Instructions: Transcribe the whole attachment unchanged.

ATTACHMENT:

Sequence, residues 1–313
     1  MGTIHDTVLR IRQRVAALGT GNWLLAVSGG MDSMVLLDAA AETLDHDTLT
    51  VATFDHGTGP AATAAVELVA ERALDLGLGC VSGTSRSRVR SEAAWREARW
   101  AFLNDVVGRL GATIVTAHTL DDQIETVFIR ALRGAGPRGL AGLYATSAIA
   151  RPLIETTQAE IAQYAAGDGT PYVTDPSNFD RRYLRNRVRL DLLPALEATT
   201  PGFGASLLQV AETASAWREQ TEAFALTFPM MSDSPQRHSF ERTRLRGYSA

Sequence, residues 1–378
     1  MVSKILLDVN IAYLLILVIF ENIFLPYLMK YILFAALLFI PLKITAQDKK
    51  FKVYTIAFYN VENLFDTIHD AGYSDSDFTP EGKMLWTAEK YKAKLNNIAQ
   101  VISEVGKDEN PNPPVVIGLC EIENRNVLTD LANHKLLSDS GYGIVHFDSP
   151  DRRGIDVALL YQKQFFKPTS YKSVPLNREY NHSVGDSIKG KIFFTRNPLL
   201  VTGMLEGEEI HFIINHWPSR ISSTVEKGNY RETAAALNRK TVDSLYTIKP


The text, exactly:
Sequence, residues 1–313
     1  MGTIHDTVLR IRQRVAALGT GNWLLAVSGG MDSMVLLDAA AETLDHDTLT
    51  VATFDHGTGP AATAAVELVA ERALDLGLGC VSGTSRSRVR SEAAWREARW
   101  AFLNDVVGRL GATIVTAHTL DDQIETVFIR ALRGAGPRGL AGLYATSAIA
   151  RPLIETTQAE IAQYAAGDGT PYVTDPSNFD RRYLRNRVRL DLLPALEATT
   201  PGFGASLLQV AETASAWREQ TEAFALTFPM MSDSPQRHSF ERTRLRGYSA

Sequence, residues 1–378
     1  MVSKILLDVN IAYLLILVIF ENIFLPYLMK YILFAALLFI PLKITAQDKK
    51  FKVYTIAFYN VENLFDTIHD AGYSDSDFTP EGKMLWTAEK YKAKLNNIAQ
   101  VISEVGKDEN PNPPVVIGLC EIENRNVLTD LANHKLLSDS GYGIVHFDSP
   151  DRRGIDVALL YQKQFFKPTS YKSVPLNREY NHSVGDSIKG KIFFTRNPLL
   201  VTGMLEGEEI HFIINHWPSR ISSTVEKGNY RETAAALNRK TVDSLYTIKP